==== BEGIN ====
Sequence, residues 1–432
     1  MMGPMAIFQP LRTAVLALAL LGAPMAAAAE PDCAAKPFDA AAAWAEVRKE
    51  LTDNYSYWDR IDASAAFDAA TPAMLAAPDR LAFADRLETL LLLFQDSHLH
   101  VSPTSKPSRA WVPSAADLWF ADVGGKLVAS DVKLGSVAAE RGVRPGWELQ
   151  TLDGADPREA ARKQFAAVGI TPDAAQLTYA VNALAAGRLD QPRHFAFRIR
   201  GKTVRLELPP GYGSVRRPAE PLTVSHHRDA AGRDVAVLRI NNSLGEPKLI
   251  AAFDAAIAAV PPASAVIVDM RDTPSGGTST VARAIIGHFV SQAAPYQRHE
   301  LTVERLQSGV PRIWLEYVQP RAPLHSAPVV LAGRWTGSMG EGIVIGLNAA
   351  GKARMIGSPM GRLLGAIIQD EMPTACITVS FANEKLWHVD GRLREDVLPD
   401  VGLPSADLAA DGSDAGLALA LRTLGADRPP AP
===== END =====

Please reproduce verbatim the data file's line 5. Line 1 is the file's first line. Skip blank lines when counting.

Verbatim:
   151  TLDGADPREA ARKQFAAVGI TPDAAQLTYA VNALAAGRLD QPRHFAFRIR